It’s make or break in 2019 for McGrath. Positioned on the periphery in 2018, the Cratloe man will know that it will take a sustained push on his behalf to reclaim his place. But he is more than capable. So often the attacker who has rescued the banner, and come up with massive scores when they were needed most, at just 27 it seems bizarre that his demise on the county scene is even being discussed.
He remains a vitally important player, and will be keen to leave his footprint on Clare’s quest to go a step beyond this season’s efforts.
There’s no doubting Bubbles’ ability – on his day he’s an unmarkable forward with hands most hurlers would step on their grannies for. But for every immense day in front of the posts for O’Dwyer, there seems to be a damp squib. Not since 2016 have we really seen what O’Dwyer is capable of when he helped lead Tipperary to the All-Ireland hurling honour and won his one and only All-Star award.
At 27, there should be plenty of gas left in the tank – but 2019 is a huge year for the Killenaule clubman to rediscover is blistering form and get Tipperary back to the promised land.
The Na Piarsaigh man exudes a supreme confidence far beyond his years. Though he and club-mate Dowling were consigned to a largely impact role as regular substitutes during the 2018 campaign, this is not a position one can see Casey being satisfied with for 2019 and beyond. Long heralded as the future hallmark forward within the county, the remarkably skillful corner-forward is known for always being first to the incoming ball, and his ability to weave his way past defenders.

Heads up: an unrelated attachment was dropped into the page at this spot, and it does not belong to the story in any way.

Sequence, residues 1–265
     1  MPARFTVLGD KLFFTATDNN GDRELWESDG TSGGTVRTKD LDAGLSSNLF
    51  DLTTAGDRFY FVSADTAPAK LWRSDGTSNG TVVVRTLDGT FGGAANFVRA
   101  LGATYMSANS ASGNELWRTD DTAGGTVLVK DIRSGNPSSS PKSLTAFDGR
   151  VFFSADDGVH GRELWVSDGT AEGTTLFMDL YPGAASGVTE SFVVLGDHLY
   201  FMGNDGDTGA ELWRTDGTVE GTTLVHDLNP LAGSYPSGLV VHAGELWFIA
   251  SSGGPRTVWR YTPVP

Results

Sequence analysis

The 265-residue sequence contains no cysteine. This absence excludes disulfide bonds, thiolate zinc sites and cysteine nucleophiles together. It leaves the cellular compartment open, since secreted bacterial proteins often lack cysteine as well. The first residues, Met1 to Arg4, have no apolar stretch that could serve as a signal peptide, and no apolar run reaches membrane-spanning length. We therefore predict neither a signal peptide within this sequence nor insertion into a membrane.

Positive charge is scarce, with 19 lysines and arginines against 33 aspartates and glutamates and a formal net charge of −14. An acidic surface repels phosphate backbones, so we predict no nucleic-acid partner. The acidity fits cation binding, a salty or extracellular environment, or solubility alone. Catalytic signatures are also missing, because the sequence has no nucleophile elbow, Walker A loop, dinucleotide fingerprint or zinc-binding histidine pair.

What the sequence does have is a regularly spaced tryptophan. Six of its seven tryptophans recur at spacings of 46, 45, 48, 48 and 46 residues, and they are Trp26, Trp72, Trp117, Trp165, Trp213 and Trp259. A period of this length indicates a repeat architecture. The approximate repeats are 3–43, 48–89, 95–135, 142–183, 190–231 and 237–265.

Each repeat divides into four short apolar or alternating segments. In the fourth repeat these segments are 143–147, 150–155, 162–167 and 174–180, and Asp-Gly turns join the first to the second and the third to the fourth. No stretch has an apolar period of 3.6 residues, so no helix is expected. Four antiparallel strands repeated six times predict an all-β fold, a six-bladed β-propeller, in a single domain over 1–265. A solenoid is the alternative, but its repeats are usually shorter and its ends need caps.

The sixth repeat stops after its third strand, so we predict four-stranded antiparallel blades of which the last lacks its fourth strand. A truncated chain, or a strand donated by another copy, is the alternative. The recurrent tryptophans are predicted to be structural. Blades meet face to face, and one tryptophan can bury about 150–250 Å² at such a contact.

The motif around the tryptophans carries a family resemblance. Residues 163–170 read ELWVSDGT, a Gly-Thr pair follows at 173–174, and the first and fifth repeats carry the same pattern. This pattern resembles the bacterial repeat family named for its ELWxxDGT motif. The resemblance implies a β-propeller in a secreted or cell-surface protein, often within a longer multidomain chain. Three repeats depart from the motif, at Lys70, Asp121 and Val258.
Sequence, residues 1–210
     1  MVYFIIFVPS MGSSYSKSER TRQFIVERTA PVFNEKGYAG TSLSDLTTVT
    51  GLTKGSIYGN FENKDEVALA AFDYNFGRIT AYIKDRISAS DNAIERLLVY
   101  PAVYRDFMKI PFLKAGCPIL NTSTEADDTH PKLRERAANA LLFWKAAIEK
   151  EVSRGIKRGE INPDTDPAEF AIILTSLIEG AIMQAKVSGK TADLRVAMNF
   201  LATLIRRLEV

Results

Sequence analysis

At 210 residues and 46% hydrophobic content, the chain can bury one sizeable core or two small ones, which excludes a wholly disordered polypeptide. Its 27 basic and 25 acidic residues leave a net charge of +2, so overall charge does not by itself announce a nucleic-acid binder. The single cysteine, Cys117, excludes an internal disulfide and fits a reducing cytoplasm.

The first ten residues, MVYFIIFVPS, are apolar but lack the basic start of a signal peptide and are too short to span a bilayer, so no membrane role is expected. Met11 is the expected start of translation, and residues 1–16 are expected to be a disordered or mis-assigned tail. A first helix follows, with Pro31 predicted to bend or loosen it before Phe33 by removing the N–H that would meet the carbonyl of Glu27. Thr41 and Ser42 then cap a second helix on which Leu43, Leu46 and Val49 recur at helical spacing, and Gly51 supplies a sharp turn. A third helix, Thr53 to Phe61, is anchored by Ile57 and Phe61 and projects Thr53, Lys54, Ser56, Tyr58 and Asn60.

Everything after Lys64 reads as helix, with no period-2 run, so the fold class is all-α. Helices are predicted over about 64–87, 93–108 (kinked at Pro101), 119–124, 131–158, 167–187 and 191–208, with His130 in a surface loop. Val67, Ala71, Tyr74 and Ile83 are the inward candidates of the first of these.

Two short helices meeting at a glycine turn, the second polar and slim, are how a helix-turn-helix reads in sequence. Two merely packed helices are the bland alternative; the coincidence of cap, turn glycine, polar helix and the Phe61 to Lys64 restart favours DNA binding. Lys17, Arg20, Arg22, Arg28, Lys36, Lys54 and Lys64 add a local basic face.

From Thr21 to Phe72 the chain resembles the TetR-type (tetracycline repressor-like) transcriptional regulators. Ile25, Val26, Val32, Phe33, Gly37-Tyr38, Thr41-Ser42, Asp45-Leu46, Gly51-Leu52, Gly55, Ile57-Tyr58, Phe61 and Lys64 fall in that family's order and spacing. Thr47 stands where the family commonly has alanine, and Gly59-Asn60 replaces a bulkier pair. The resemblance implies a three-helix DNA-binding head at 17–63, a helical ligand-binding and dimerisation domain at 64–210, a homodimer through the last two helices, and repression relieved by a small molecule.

Though not the tallest option on the Shannonside attacking card, Casey more than compensates with impressive strength, reading ability and a magic pair of hands. It’s an unprecedented situation for Limerick – where they have the primary target on their backs, and they will need to utilize every tool at their disposal if they are to make a serious challenge to retain their crown.
It’s hard to comprehend that Conor Lehane, Anthony Nash, Patrick Horgan and Seamus Harnedy have zero All-Ireland titles between them. Cork have gone from dizzying heights to the doldrums and back up once again, yet remain without an All-Ireland title since 2005, far too long for a county who still sit second on the overall roll of honour, with 30 titles.
Lehane has been a constant and consistent presence on this Cork side since making his debut in 2011. With the uncertainty that now surrounds the hurling championship, and the potential bear-pit that awaits participants in Munster, the Rebels will see little reason why they cannot advance further than the semi-final in 2019, and go on to claim the ultimate crown. Lehane, as always, will be a critical cog in their attacking wheel.
Another Clare forward, with inclusion here for a slightly different reason than McGrath. Shanagher played a huge part in his brief championship cameo this year when he came on in extra time of the semi-final against Galway and scored a goal.